Researchers create synthetic synapse that could lead to more intelligent machines
Building computers like the human brain is a complex challenge. Our brains contain over 86 billion neurons and trillions of synapses, that can grow stronger or weaker over time. Studying synapses, researchers have applied their findings to the development of neuromorphic engineering.
Now Chinese scientists report in ACS' journal Nano Letters the development of a first-of-its-kind synthetic synapse that mimics the plasticity of the real thing, bringing us one step closer to human-like artificial intelligence.
While the human brain still holds many secrets, one thing we do know is that the flexibility, or neuroplasticity, of neuronal synapses is a critical feature. In the synapse, many factors, including how many signaling molecules get released and the timing of release, can change.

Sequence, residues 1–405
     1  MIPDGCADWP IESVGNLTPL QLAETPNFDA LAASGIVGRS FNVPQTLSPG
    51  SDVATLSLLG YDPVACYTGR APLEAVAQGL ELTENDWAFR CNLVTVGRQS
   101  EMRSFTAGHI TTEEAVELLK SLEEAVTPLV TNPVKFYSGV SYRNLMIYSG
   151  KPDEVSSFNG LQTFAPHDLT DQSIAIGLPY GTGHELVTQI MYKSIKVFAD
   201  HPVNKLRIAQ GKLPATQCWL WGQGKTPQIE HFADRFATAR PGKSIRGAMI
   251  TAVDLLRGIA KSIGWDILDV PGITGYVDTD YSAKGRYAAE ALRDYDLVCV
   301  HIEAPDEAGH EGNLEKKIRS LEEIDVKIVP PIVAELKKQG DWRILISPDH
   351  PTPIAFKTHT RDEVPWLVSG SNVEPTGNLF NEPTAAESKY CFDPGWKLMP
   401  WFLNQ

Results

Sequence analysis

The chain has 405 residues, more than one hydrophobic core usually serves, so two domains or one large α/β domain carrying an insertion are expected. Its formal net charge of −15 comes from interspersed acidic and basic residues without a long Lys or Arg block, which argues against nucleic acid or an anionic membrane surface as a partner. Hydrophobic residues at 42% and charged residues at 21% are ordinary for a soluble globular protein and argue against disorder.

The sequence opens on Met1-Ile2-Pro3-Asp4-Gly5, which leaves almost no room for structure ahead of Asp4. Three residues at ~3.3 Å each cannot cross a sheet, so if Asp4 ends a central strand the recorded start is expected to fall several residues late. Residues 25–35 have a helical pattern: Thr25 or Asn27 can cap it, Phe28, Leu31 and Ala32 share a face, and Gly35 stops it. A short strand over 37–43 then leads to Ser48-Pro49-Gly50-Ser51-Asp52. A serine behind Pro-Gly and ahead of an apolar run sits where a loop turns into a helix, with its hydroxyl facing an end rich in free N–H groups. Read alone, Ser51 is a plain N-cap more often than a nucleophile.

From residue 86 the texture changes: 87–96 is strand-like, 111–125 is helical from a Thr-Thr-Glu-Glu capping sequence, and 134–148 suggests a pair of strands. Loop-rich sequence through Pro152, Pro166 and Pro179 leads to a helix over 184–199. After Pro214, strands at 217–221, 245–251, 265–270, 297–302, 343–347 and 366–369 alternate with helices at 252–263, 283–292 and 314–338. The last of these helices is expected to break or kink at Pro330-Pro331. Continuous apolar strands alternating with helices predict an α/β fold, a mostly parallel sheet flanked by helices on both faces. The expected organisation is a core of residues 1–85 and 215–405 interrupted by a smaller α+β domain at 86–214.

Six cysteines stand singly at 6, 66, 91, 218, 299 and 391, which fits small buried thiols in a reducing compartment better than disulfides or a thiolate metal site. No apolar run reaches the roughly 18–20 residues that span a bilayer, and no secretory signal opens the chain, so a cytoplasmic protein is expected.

This mutability allows neurons to encode memories, learn and heal themselves. In recent years, researchers have been building artificial neurons and synapses with some success but without the flexibility needed for learning. Tian-Ling Ren and colleagues set out to address that challenge.
The researchers created the artificial synapse out of aluminum oxide and twisted bi-layer graphene.
By applying different electric voltages to the system, they found they could control the reaction intensity of the receiving "neuron." The team says their novel dynamic system could aid in the development of biology-inspired electronics capable of learning and self-healing.
"This work would offer a broad new vista for the 2D material electronics and guide the innovation of neuro-electronics fundamentally," write the authors of the study.